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Meymand or Maymand is a village in Kerman Province close to the city of Shahr-e babak where the founder of the Sassanid (226-651 CE) dynasty, Ardashir the Unifier (180-242 CE), is said to have been born. Based on archeological finds, experts believe the village is 3,000 to 8,000 years old. The village thrived under the Sassanid’s and even today Middle Persian words are common in the dialect spoken by villagers.

Meymand resembles Cappadocia in Turkey and Kandovan Village in East Azarbaijan Province in that all three have stone-carved homes. Unlike Cappadocia which was abandoned by its residents, Meymand is still inhabited and while Kandovan was built to protect its population from attacks by the invading Mongol army in the 13th century, there is no evidence that Meymand ever came under attack.

The people of Meymand are agro-pastoralists, growing crops and raising cattle to make a living. Villagers also sell dry and fresh walnut, almonds and other nuts to tourists to supplement their income.

Meymand has extremely cold winters and mild summers. Villagers live a semi-nomadic lifestyle moving between four different settlements in the village throughout the year.

From the end of winter until late spring, villagers live in Sar-e Aghol houses on the southern fields. There are in two different types Sar-e Aghol homes: Markhaneh and Mashkdan.

Markhaneh structures are circular houses built partially underground to shelter inhabitants from the wind. They have low dry stone walls and roof coverings of wood and wild thistles. Temperatures inside these homes seldom vary and are almost always consistent. Mashkdan homes are built above ground and have dry stone walls with conical roofs made of branches. Some of the buildings used to house cattle have barrel vaulted brick or stone roofs.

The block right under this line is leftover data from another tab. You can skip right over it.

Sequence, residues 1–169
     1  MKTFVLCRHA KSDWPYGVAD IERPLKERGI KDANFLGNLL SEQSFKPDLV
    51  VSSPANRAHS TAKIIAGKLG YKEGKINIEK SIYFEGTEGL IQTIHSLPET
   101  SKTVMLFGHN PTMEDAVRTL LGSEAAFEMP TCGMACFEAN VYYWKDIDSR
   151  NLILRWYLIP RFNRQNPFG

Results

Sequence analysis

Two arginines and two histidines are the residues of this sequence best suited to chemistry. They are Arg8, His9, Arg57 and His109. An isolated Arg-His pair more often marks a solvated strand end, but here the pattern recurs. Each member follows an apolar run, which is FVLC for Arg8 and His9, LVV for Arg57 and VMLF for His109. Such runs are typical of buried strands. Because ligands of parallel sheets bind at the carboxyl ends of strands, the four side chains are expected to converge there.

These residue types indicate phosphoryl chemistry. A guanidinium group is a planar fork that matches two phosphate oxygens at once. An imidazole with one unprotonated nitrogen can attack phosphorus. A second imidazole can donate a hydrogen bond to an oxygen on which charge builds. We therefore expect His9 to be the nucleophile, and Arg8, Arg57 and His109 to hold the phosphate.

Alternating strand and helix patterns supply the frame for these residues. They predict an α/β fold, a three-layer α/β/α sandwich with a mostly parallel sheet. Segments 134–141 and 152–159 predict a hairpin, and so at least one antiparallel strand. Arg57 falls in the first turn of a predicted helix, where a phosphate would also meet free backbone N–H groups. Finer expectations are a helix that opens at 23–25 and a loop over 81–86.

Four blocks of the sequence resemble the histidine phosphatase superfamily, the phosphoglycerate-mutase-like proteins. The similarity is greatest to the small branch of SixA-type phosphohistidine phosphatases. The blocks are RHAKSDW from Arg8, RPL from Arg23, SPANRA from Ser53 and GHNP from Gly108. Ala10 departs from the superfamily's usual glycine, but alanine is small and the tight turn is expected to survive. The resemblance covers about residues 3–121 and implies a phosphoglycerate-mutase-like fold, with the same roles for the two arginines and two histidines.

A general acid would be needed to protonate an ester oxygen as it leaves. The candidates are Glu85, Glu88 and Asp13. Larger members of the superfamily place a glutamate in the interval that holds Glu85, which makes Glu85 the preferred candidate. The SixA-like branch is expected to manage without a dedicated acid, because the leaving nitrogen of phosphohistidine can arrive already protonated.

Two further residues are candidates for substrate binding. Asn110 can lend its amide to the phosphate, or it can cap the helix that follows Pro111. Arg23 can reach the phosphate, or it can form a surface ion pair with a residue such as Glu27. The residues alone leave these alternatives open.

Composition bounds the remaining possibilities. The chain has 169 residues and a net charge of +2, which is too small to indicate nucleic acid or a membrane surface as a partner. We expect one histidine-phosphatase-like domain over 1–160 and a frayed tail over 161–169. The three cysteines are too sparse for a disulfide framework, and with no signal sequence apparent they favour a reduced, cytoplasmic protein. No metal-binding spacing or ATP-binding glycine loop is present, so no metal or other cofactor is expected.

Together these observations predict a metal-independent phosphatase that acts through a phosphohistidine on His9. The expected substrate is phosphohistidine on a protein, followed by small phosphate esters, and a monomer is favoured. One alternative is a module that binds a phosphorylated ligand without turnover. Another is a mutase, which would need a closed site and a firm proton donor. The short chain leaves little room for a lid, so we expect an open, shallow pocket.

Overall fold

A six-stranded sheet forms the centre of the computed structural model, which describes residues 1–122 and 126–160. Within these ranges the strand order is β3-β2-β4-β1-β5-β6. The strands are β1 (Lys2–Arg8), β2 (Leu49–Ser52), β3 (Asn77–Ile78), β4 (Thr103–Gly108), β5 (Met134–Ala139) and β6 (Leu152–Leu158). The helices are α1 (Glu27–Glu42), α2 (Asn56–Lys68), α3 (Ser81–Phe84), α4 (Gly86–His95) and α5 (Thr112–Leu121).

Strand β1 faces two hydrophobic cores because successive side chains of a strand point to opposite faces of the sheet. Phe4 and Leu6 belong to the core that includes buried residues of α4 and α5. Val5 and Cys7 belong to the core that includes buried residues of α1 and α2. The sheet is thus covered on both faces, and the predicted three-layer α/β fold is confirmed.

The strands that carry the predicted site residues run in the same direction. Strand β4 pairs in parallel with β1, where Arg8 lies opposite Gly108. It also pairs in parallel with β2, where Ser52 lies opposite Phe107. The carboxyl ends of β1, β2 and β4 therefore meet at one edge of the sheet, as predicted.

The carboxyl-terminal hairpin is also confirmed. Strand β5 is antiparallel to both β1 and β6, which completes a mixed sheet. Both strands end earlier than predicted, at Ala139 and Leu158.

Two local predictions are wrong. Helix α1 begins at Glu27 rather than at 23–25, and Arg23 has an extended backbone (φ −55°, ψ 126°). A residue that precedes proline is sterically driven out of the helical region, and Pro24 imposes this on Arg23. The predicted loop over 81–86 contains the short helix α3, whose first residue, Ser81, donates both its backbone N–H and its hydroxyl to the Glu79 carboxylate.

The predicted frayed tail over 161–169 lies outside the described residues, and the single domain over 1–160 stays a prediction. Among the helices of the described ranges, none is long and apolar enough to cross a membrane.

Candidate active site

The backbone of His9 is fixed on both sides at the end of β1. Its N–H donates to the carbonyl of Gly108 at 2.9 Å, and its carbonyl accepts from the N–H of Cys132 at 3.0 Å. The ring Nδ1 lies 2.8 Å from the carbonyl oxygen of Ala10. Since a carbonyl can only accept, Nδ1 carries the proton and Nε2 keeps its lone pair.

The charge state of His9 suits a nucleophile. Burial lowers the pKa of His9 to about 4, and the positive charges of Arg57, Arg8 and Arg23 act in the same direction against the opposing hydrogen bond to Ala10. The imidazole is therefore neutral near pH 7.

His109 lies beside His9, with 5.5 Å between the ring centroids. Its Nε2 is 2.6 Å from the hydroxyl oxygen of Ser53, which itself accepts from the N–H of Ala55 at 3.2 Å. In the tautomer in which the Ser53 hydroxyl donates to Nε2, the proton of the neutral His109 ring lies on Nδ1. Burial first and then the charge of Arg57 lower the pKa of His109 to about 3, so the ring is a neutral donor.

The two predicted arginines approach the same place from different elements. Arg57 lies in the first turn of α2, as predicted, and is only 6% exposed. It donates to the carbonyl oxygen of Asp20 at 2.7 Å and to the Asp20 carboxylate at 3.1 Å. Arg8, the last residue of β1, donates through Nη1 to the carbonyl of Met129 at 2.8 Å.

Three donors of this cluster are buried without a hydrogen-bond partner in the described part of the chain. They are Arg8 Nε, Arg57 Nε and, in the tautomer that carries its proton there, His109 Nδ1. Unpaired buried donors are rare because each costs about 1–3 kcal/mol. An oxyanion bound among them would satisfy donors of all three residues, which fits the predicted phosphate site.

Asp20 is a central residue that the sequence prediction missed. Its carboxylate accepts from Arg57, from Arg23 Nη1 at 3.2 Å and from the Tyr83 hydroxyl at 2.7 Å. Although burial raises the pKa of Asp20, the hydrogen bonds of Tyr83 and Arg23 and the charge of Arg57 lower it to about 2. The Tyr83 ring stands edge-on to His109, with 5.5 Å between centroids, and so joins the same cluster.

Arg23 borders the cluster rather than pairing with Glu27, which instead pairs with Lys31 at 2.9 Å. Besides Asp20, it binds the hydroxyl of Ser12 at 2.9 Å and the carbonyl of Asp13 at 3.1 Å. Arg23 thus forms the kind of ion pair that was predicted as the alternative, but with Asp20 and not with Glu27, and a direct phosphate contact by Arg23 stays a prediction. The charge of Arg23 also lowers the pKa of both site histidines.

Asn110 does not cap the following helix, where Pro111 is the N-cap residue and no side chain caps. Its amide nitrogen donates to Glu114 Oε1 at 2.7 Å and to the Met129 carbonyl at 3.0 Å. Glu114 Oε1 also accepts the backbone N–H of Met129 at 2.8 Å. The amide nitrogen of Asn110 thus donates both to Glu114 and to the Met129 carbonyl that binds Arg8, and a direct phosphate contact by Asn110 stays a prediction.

In summer and early autumn Meymand villagers move to Sar-e Bagh houses which are located near seasonal rivers. These homes have dry stone walls that support roof structures of vertical and horizontal timbers covered with grass. Some Sar-e Bagh houses have taller stone walls and conical roofs.  These homes have roofless stone pens where cattle is collected.

Sar-e Aghol and Sar-e Bagh homes are temporary, seasonal buildings which are generally re-constructed each season and embody a traditional practice that has persisted for generations.

From late autumn to late winter, Meymand villagers live in cave dwellings known as Kitche which are carved out of soft rock and reach up to five houses in height. Kitches have between one to seven rooms that are used as living quarters, stables or for storage. Of the 400 Kitches found, 123 are still intact and some 90 are still inhabited during the winter. A few other Kitches are only used on the weekends when people who have moved away from Meymand return.

The Cultural Landscape of Meymand was registered as a UNESCO World Heritage Site in 2015.

Meymand Village

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